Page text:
Even in the weird, quirky world of new wave and post-punk in the late '70s, the B-52's' eponymous debut stood out as an original. Unabashed kitsch mavens at a time when their peers were either vulgar or stylish, the Athens quintet celebrated all the silliest aspects of pre-Beatles pop culture – bad hairdos, sci-fi nightmares, dance crazes, pastels, and anything else that sprung into their minds – to a skewed fusion of pop, surf, avant-garde, amateurish punk, and white funk.
Wild Planet is the second studio album by The B-52's, released in 1980. The album has a slightly more psychedelic and even paranoid sound than their first. Wild Planet also contains the band's first experiments using electronic drum machines. wikipedia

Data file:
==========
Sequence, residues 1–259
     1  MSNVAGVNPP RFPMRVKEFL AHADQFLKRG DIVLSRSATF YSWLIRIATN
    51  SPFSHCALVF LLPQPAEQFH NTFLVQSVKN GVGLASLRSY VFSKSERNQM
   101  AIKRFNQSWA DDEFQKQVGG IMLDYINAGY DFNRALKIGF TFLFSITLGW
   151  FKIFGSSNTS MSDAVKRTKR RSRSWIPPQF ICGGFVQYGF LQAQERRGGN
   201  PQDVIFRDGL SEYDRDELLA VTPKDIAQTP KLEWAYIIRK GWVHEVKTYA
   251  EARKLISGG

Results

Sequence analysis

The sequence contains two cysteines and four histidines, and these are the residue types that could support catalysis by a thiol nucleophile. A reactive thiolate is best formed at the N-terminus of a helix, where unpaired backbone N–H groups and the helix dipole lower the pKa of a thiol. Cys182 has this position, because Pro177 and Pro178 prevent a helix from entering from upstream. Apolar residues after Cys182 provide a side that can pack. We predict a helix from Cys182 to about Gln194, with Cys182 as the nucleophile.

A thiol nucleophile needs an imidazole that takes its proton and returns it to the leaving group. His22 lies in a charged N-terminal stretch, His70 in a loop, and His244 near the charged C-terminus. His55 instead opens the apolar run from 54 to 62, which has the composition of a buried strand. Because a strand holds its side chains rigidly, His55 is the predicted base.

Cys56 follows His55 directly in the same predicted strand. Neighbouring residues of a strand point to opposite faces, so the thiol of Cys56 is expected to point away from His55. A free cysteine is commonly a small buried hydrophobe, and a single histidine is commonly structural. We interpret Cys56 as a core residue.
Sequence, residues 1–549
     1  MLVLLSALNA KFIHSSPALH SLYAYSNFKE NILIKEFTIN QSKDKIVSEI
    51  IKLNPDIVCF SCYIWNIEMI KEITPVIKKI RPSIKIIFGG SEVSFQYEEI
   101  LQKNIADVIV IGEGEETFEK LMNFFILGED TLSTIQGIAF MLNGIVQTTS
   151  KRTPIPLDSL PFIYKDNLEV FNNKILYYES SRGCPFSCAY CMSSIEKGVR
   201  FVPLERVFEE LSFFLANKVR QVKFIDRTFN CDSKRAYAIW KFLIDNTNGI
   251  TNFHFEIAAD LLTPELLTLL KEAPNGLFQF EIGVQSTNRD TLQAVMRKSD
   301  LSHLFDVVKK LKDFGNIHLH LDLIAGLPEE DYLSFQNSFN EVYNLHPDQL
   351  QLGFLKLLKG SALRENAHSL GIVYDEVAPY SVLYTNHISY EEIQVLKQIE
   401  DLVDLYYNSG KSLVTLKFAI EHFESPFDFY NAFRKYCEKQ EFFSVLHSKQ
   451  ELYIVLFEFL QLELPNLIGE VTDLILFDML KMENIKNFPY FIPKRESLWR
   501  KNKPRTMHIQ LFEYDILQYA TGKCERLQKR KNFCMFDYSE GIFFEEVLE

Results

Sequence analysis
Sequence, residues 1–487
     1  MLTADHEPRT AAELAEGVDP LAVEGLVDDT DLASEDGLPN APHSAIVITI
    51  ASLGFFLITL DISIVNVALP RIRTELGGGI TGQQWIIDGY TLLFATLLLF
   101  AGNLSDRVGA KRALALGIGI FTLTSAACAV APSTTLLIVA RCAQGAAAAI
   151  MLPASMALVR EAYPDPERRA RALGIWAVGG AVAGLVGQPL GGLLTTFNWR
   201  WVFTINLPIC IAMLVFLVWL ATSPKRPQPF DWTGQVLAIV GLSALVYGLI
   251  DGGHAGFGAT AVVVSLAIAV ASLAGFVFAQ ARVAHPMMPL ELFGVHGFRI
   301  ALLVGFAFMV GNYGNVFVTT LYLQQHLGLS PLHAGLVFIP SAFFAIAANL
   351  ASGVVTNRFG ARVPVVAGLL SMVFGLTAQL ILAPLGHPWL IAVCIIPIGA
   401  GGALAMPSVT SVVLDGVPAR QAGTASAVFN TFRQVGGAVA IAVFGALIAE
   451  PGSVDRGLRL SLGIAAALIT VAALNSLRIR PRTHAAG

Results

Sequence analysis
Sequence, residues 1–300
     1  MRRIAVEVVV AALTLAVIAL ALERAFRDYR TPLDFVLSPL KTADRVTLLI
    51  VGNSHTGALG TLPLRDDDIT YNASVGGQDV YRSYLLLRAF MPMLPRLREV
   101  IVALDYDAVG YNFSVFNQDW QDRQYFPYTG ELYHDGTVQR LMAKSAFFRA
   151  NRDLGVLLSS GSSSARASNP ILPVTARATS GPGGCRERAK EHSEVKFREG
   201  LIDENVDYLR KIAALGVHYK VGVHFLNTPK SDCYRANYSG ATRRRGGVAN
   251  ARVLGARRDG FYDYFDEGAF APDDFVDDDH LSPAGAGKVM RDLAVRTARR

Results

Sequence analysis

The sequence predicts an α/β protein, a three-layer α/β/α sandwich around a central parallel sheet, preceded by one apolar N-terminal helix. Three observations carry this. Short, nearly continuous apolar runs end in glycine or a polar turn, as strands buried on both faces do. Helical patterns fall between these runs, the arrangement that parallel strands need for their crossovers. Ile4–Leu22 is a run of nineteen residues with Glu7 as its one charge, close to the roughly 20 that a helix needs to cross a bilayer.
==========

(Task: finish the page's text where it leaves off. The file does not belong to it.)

The B-52's were one of the great new wave bands, one of the ones who defined the style and cut one of the great records of their time (their eponymous debut), an outfit who maintained a dedicated following even as they fell off the radar of critics and hipsters, a group who overcame a tragic loss (guitarist Ricky Wilson) to make a startling, unpredictable comeback that launched them beyond college radio and to the top of the pop charts. It's a hell of a story, even if the final act was decidedly anticlimatic (after one follow-up to the Cosmic Thing comeback, 1992's Good Stuff, the group essentially disappeared apart from an embarrassing version of the Flintstones theme for the 1993 big-screen adaptation), and they're easily one of the more legendary bands of their time.